To the best of my knowledge, I don't have mastocytosis, but I suspect that I may have Mast Cell Activation Syndrome (MCAS). Here is a web link with "Diagnosis and Classification" summaries for both conditions:
A "Minor" criterion for mastocytosis under the "Diagnosis and Classification" protocol cited in the link above is "Serum total tryptase > 20 ng/mL (does not count in patients who have ANHMD-type disease.)" I could not find what the acronym "ANHMD" means on the Internet, but another web link containing "WHO criteria for systemic mastocytosis";
says one "Minor Criterion" is "d. Serum total tryptase persistently >20 ng/ml (not a valid criteria in cases of systemic mastocytosis with associated clonal hematologic non-mast-cell lineage disease)."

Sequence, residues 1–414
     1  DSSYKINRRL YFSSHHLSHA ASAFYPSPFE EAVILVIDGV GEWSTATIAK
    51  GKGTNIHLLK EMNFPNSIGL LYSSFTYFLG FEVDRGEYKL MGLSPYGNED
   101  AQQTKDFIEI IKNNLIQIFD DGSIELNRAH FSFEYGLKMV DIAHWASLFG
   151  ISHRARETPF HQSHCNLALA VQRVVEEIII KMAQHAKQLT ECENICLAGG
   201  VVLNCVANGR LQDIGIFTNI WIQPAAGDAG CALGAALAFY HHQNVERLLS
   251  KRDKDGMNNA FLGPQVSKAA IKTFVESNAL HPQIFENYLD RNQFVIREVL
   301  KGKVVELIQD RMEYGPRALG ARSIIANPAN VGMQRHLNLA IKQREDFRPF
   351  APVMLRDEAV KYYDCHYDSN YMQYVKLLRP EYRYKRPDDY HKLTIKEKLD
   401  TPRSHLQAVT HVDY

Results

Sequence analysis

Diagnostic criteria listed in the first web link for MCAS also includes tryptase measurement, but elevated tryptase is not always mandatory for a diagnosis of MCAS either, depending on other findings.
Another web link (paper) that might be of interest is:
"Pharmacological treatment options for mast cell activation disease"
Some people (perhaps including me, it's too early to tell) can get significant relief from MCAS symptoms with widely available and inexpensive medications; whether they have been "officially" diagnosed with MCAS or not. I don't know if this possibility also applies to people with mastocytosis. The last web link above may give you more insight about this possibility.
One last web link (below) is a listing of mast cell disease treatment and research centers.
Last week I saw an allergy/immunology specialist for the first time. We agreed that for me, getting an official MCAS diagnosis won't be necessary if the simple medications he prescribed and recommended for me "work." So far (knock on wood) I believe that they are helping significantly.
Good luck and best wishes.